As many companies increasingly use OSS in their products and contribute to OSS communities, OSS compliance is gaining importance. When incorporating OSS in their products and business operations, companies have to meet the OSS license requirements, such as providing required copyright notices and making the source code available to others. Infringement of license agreements may incur drastic consequences, including termination of user rights, prohibition of redistribution of modified versions, and even compensation claims. The aim of OSS compliance processes in companies is to minimize the risks when using and implementing OSS.

Since 2020, an official ISO standard for OSS compliance is available (ISO 5230) and companies have the possibility to obtain the corresponding certification. The certification acknowledges that companies have certain measures in place to ensure compliance with OSS requirements, such as a written OSS policy, clearly defined roles and responsibilities regarding OSS compliance, and a process for reviewing identified licenses. The certification can be obtained through free self-certification (answering an online questionnaire) or through certification by a third party.

In this research project, we are interested in the importance of OSS compliance in the software supply chain, which often involves long-term B2B partnerships. In other words, does OSS compliance play a role for companies when selecting software suppliers? Further, we want to find out under which conditions OSS compliance certification has additional value for companies.

Contact: Juliane Wissel

Low Power Wide Area Networks (LPWANs) for the Internet-of-Things (IoT)

Not all use cases in the IoT rely on high data transmission rates, in fact many transmit small information packages (e.g., sensor data like temperature or humidity) but are very restricted in their power consumption because they run on conventional batteries. Often those sensors are meant to run on a single battery for years and thus they operate in extremely low power modes. LPWANs combine the advantages of low power consumption with very long transmission ranges and thus are enablers for many IoT applications like smart cities, agriculture but also asset monitoring. We aim to shed light on the ecosystems and platforms around the different LPWANs (e.g., LoRaWAN, Sigfox) and how innovation happens in those.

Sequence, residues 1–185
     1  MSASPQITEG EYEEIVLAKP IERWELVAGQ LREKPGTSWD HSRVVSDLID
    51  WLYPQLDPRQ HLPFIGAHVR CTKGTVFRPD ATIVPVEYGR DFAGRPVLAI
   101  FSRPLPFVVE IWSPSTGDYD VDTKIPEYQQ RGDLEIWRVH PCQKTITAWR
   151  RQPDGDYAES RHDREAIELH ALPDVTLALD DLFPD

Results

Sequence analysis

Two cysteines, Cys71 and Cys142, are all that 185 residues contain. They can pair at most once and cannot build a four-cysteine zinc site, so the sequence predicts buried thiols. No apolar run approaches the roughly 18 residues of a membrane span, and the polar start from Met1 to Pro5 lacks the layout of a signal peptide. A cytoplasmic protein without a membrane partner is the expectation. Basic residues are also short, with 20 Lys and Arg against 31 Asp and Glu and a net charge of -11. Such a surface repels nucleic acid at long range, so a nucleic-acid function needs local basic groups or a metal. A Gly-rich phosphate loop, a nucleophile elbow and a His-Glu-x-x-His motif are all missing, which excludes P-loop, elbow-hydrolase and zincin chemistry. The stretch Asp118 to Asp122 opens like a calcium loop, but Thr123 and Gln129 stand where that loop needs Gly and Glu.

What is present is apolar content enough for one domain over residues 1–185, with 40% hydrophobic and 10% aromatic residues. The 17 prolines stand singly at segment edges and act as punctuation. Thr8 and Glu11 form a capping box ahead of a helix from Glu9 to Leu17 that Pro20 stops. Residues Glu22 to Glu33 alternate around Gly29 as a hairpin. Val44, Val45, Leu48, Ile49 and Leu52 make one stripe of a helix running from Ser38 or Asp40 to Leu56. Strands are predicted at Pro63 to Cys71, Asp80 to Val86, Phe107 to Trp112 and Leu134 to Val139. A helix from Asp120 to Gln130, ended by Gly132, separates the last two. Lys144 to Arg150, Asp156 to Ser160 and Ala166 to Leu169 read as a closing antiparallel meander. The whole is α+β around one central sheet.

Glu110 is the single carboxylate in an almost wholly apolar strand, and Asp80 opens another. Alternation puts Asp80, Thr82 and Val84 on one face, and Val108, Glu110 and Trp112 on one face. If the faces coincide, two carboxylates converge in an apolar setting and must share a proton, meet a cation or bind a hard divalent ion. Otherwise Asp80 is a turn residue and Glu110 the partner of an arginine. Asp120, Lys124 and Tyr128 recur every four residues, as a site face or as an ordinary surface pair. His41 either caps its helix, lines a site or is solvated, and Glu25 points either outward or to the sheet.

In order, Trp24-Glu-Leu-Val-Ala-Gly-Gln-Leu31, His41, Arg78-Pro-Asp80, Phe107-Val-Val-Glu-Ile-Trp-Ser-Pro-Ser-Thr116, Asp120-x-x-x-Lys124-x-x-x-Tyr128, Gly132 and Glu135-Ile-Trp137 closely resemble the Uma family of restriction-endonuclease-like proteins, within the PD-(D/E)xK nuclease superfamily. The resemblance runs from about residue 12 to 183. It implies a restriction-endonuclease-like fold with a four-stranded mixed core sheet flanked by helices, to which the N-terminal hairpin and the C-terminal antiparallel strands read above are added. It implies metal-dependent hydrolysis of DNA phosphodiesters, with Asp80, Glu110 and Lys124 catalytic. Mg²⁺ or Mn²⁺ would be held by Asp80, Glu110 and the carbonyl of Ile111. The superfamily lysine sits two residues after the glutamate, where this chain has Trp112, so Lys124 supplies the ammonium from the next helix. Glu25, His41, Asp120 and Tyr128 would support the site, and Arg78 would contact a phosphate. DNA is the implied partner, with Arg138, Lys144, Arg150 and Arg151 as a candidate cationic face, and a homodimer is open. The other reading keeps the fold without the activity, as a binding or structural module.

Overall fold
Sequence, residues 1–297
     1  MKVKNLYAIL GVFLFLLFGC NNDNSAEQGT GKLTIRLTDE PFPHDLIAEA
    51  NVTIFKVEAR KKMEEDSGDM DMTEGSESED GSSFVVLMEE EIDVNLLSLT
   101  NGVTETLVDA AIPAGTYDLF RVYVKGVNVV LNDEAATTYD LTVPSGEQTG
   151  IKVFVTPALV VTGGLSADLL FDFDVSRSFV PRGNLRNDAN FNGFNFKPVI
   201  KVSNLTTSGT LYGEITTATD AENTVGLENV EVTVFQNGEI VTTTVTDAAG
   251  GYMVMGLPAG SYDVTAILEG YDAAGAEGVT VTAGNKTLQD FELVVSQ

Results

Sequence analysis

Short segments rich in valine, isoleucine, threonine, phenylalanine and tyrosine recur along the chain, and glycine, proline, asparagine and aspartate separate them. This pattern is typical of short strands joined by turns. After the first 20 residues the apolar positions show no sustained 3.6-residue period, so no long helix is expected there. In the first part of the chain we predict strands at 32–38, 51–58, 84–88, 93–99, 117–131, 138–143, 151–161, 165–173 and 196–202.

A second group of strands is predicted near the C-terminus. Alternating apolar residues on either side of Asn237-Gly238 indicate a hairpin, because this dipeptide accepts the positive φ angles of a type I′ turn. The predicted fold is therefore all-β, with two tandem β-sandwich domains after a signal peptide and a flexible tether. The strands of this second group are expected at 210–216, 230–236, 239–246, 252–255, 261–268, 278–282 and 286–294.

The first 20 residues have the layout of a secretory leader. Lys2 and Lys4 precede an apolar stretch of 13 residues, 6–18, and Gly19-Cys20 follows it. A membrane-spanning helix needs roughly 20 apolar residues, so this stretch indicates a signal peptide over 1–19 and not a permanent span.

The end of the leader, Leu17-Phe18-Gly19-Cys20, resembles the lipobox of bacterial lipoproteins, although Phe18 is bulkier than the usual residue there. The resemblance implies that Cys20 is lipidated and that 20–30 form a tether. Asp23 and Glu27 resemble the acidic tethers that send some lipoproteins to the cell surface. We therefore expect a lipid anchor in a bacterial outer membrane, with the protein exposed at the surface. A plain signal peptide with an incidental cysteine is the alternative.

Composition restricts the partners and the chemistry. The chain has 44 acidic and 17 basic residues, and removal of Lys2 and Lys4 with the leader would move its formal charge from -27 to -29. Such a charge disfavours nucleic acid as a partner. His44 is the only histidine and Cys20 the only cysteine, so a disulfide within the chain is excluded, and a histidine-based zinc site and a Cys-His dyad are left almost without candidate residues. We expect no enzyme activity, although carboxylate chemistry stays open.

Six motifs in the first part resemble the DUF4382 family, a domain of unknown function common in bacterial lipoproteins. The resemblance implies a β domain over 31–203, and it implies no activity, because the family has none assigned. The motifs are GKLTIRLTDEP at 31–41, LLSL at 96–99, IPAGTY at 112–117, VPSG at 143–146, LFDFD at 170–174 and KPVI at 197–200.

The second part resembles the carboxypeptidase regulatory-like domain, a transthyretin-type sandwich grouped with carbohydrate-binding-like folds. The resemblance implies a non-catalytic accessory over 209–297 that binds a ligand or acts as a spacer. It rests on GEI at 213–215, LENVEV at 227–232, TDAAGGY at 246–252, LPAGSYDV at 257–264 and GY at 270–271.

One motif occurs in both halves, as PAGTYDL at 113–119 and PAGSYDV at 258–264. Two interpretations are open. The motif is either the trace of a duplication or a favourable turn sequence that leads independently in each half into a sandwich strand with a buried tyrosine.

Contact: Lucia Baur

Blockchains, smart contracts, and trust

In the past year be hailed to turn our world of business upside down: whatever the question was, blockchain was the answer. Supposedly, blockchain technology has the power to remove the necessity of trust from transactions, remove central intermediaries, and thereby dramatically reduces transaction costs. So far, however, we have seen only a few of these promises coming to reality. With our research want to contribute to a better understanding of the real potential of this new technology and its limitations. In one of our recent papers, we scrutinized the claim that smart contracts on a blockchain can remove the necessity of trust from transactions. Based on real-world data retrieved from the Ethereum blockchain, we could show under what conditions this claim is true and under what conditions conventional trust in the party offering the service will still be necessary. Further, we could also show that smart contracts lead to a new type of trust that is not based on subjective characteristics of transacting parties but on properties of the smart contract that can be processed with pure logic. This understanding is crucial for future companies that want to build blockchain applications and should help them build more successful blockchain applications.

Contact: Daniel Obermeier